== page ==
What has become of the promise of biofuel?

making biodiesel

Small-scale manufacture of biodiesel from waste cooking oil.

In a way, coal, natural gas, and petroleum are biofuels. They come from once-living beings now fossilized. The ancients around the Mediterranean used olive oil for fuel. That’s more what we think of as biofuel. Today, the most-touted biofuels are ethanol and biodiesel.

In principle, biofuels ought to provide an alternative to fossil fuels, making them unnecessary. It seems like the promise is always off in the distance. Is it at all possible to realize the promise? If so, what’s holding it up?



Once upon a time, ethanol seemed to be a path to energy independence. After all, our farmers could grow it. But the cost of water, fertilizer, fuel for farm machinery, etc. means that ethanol from food crops requires more energy to grow and manufacture than it provides to the end user.

The Bush administration began to promote making ethanol from non-food crops such as switchgrass in the 2006 State of the Union speech.  Switchgrass and other suitable crops grow on marginal land that can’t support food crops. They are a less expensive feedstock than corn or sugar. What’s not to love?

Ethanol from switchgrass has to pass two important technological hurdles. Most seriously, they require a much more complicated chemical process in order to produce ethanol. Second, they are very dense and expensive to transport. Those two problems more than offset the cheaper price of the feedstock.

A little over a year ago, when a company called Chemtex announced plans to build a refinery for making ethanol from non-food crops, I wondered if success were on the horizon. That plant officially opened earlier this month. Having a new plant does not guarantee that it will become financially successful, but it’s a very important milestone.


Biodiesel vehicleSeveral years ago, I saw a demonstration of a old school bus redesigned to run on used vegetable oil. Think of how many restaurants have the daily problem of disposing of the oil used to make fried foods! They could sell it—or even give it—to companies who would make biodiesel from it.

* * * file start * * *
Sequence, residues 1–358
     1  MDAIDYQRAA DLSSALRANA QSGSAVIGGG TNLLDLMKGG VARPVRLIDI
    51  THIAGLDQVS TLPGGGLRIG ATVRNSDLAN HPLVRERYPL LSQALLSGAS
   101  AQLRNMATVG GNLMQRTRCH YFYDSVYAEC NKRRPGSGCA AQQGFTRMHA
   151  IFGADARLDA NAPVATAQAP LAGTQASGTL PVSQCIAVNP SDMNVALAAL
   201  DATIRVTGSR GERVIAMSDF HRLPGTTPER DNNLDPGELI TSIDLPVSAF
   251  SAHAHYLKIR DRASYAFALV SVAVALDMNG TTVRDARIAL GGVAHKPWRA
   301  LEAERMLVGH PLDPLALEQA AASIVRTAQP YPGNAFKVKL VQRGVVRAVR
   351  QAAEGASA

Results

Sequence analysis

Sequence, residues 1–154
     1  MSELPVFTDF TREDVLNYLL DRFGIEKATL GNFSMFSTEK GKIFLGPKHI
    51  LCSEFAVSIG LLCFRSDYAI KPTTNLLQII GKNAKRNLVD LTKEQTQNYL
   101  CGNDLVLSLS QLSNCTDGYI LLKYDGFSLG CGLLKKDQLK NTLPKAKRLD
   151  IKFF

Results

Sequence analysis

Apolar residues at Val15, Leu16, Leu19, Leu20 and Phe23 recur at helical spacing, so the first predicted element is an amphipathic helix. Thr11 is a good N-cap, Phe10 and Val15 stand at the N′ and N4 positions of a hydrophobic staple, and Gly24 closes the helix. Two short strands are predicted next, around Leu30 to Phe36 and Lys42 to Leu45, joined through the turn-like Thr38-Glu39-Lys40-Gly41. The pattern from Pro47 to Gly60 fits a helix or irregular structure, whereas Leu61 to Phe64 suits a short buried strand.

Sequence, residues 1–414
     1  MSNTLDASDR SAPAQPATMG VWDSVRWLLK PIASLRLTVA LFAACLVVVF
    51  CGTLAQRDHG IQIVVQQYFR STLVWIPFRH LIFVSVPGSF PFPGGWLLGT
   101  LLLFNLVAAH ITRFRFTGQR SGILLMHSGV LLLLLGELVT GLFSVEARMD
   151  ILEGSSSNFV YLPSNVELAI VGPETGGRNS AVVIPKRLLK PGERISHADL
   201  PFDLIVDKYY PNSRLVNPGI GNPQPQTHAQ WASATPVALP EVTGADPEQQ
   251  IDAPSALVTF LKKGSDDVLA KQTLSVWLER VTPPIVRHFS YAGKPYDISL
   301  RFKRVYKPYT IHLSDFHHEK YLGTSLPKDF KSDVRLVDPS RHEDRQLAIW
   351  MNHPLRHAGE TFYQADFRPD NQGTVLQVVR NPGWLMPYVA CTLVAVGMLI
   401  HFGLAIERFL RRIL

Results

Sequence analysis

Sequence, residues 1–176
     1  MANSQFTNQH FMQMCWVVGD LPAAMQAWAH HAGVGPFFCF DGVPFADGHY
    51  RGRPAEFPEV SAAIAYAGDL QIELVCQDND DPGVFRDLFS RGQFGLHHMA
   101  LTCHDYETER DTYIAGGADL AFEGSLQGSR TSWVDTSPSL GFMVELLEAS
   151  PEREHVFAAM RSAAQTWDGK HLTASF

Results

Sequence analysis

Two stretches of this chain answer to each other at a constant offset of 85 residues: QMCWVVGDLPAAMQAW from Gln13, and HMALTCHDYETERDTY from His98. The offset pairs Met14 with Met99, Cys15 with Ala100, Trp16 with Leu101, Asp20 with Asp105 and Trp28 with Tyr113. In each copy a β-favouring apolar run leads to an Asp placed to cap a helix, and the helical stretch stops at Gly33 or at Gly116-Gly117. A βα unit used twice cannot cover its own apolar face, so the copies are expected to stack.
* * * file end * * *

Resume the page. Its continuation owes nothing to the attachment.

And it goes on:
If I recall correctly, the bus ran directly on waste cooking oil. It’s much more practical to convert oil into biodiesel. That way, it is not necessary to modify the engine in order to use it.

Recycling any waste product is a good thing, but as much fried foods as Americans consume, it doesn’t produce enough feedstock to power all of our diesel engines. Biodiesel can also be made from soybeans, which are directly or indirectly a human food crop. One acre of soybeans can produce about 50 gallons of biodiesel every season.

A company in North Carolina, Patriot Biodiesel, is manufacturing biodiesel from algae. Keep in mind that algae are one-celled plants and about 30% oil—vegetable oil! Whenever some are harvested to extract the oil, the remains can simply go back into the tank to feed the rest of the algae.

They grow rapidly. In fact, an acre of tanks of algae can produce about 50 gallons of biodiesel every day! Patriot Biodiesel now owns 20 acres of land and plans to buy 100 more acres soon. That much land will enable it to produce 5 million gallons of biodiesel every year.

A tank farm does not require prime farmland. Marginal land works just as well for growing algae as it does for switchgrass. In fact, Patriot Biodiesel’s current property is located near a major petroleum tank farm. There is no reason why the company’s operation could not be duplicated anywhere in the country.

Practical obstacles

Developing the technology to make a product is not at all the same as developing a distribution network to market it. Existing diesel engines could operate on pure biodiesel. Just try to find it at any retail filling station.